British Bill of Rights

– in the Scottish Parliament on 23rd June 2022.

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Photo of Maggie Chapman Maggie Chapman Green

Yesterday in the House of Commons, the Deputy Prime Minister laid out his plans for a so-called British bill of rights. In reality, it is a rights-removal bill that would rip the European Court on Human Rights from domestic law and rewrite the Scotland Act 1998. In their place, we are supposed to rely on Mr Raab’s common sense.

It becomes clearer every day that only by becoming independent can we build a fairer and more equal Scotland. Will the First Minister join me in opposing those dangerous plans, and can she outline what impact they might have on our plans to introduce a Scottish human rights bill during this parliamentary session?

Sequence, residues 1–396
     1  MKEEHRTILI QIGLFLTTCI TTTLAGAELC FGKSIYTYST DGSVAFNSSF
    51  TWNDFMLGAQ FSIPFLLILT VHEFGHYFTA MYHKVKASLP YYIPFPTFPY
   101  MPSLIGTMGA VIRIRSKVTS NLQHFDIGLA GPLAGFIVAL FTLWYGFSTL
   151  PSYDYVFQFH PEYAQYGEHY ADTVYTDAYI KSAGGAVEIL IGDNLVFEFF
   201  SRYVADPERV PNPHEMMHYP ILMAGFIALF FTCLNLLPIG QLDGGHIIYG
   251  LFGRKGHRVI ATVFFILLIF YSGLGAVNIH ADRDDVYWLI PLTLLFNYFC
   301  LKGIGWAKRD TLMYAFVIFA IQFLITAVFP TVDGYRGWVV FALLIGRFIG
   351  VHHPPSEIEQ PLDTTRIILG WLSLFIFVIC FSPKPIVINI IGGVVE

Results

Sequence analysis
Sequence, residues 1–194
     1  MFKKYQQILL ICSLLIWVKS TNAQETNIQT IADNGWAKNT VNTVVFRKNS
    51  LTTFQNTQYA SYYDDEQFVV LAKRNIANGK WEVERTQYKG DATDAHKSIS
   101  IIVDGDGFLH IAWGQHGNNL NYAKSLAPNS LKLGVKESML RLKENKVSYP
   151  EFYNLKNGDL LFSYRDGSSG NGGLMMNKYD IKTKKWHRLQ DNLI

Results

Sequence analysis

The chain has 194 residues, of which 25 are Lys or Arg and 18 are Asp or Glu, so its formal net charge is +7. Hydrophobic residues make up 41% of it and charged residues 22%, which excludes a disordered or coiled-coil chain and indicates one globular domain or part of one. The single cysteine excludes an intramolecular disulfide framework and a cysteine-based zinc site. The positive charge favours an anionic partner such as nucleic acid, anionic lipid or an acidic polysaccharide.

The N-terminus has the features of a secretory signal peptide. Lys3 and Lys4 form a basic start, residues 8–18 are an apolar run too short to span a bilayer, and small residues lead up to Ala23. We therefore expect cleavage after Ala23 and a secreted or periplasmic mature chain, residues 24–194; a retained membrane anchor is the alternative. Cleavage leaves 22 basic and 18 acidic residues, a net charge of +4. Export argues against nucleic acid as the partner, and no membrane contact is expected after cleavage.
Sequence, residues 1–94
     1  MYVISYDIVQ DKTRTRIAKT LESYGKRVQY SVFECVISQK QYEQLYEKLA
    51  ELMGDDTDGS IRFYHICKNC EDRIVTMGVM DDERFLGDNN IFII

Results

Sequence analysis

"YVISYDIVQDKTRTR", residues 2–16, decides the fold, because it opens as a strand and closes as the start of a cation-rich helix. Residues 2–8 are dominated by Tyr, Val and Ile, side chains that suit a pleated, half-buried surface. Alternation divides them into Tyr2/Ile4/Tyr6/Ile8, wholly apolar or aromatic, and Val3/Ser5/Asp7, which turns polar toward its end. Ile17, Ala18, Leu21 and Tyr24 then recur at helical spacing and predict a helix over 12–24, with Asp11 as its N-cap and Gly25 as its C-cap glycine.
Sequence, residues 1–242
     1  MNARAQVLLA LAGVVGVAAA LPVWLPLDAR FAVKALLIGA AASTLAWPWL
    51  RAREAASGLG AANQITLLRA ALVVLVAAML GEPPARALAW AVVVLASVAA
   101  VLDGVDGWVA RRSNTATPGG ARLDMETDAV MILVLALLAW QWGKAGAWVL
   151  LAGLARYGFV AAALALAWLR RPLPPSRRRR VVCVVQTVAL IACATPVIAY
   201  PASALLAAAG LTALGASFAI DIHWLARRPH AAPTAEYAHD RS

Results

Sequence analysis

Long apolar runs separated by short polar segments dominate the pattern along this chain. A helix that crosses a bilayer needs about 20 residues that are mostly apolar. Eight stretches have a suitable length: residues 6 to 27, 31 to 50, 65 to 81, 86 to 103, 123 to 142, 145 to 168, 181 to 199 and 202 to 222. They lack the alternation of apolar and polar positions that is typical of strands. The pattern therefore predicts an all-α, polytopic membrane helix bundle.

Photo of Nicola Sturgeon Nicola Sturgeon Scottish National Party

I could hear the discomfort of Conservative members as Maggie Chapman spoke. I am not surprised that they are so deeply uncomfortable. Our having a UK Government that Scotland did not elect, which has taken us out of the European Union against our will and is now ripping up, removing or at the very least diluting human rights, is absolutely yet another argument for Scotland becoming independent.

The bill will impact on devolved responsibilities. It is therefore important that the UK Government properly consults us, but I do not hold much hope that that will happen in reality. We have plans for a human rights bill, and we remain committed to taking them forward over the course of this parliamentary session.

The Presiding Officer:

That concludes First Minister’s question time. There will be a brief pause before we move to members’ business.